STMicrolectronics has recruited US-based EDA company Mentor Graphics to a French R&D programme as part of a plan to have processes down to 20nm running at Crolles by the time the programme finishes in three years.
The Nano2012 programme originally included just ST and its fab at Crolles and the CEA-Leti research institute based nearby in Grenoble. But, with ST having joined the IBM alliance of companies developing sub-45nm processes, the Nano2012 programme has become more international in scope. IBM joined the team with Dutch lithography equipment maker ASML also opting to become part of the programme.
On the conference call to discuss the deal, Mentor president Greg Hinckley was keen to stress the company’s French credentials. The EDA vendor has more than 100 engineers based in the country and will recruit a further 20 to work on the DeCADE project that forms part of the Nano2012 programme. But the deal means a bit more than R&D jobs in France.
The project will include the development of a 28nm chip within two years that will be made at Crolles. By joining the programme, Hinckley said Mentor will have unprecedented access to real-world issues in design with advanced processes. It provides “an opportunity to try out ideas and algorithms”, Hinckley said. “Mentor will be able to immediately validate EDA techniques for 28nm and below and critical, adjacent technologies such as mixed-signal, RF and 3D packaging.”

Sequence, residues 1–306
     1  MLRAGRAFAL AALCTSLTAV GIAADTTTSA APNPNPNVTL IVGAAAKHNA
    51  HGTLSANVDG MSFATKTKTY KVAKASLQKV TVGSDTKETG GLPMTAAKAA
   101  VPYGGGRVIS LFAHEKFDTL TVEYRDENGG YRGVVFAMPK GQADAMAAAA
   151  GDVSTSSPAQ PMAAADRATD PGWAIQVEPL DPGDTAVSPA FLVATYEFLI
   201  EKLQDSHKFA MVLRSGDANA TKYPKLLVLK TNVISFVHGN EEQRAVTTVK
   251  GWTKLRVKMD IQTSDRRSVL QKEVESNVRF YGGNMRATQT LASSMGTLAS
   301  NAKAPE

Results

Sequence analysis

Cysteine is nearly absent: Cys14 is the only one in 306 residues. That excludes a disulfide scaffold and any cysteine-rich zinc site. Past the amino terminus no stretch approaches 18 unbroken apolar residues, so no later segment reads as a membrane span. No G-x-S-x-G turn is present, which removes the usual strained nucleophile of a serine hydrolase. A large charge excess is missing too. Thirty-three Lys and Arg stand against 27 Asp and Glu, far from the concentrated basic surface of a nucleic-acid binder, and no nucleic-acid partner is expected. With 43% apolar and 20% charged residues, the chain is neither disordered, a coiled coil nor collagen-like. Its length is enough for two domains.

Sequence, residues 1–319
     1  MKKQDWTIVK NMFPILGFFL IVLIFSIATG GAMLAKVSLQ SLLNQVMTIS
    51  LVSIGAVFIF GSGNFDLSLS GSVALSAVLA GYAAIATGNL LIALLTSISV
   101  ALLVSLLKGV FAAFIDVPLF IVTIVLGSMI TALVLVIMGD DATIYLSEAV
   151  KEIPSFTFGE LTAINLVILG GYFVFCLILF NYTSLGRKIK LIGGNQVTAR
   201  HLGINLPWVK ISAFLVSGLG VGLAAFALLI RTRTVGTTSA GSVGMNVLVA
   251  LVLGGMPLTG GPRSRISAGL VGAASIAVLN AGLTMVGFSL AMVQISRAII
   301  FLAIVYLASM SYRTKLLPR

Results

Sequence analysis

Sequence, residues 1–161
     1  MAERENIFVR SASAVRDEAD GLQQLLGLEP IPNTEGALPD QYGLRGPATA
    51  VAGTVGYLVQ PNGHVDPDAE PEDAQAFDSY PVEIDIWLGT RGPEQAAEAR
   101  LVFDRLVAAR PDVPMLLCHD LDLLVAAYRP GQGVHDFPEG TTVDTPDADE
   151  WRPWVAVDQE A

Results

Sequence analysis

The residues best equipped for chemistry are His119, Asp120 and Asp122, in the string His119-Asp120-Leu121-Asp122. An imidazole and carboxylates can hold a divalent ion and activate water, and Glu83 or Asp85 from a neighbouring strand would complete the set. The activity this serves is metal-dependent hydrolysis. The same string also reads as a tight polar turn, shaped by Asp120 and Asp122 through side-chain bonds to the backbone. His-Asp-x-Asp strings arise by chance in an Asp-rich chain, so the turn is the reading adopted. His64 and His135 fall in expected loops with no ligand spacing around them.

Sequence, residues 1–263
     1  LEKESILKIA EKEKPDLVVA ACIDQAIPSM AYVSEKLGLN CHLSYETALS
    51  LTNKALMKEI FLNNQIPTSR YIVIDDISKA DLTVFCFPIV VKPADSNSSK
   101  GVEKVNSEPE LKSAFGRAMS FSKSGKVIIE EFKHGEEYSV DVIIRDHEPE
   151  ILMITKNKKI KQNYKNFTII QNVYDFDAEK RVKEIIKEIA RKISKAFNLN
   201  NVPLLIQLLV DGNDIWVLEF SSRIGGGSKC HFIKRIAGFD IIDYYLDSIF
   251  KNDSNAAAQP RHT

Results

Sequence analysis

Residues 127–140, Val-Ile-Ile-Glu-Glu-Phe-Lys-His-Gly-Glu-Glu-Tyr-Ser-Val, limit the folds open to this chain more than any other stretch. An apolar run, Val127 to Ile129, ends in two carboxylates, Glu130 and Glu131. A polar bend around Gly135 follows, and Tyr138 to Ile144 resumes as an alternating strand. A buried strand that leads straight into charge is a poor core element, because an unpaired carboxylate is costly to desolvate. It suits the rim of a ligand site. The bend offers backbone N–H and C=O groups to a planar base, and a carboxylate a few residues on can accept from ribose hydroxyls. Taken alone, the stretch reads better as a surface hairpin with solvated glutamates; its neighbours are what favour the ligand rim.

If a 28nm chip in two years from now sounds a bit late for a research project — given that the first 28nm processes should be moving into risk production real soon now — Philippe Magarshack, group vice president of ST’s central R&D group, explained that the chip is mainly to establish manufacturing for 28nm-class devices at Crolles.
Magarshack said the company has produced working silicon on the prototype 28nm process at IBM’s fab in East Fishkill with the aim of having devices produced by foundries once that generation is up and running.
“We plan to tape out at the end of this year with one of the [IBM] alliance partners,” said Magarshack. “But our company has decided to be able to do volume production inhouse. We will demonstrate the fab capability of ST in 2012 at a time where we believe there will be volume production of the 28nm node.”
Mentor already has joint development project underway with IBM that is looking at techniques such as computational lithography — effectively changing the shape of the light beam used to draw features on a chip to improve its effective resolution.
“We would be expecting to bring some aspects of that into our joint programme with ST,” said Hinckley. “More than that I can’t disclose today.”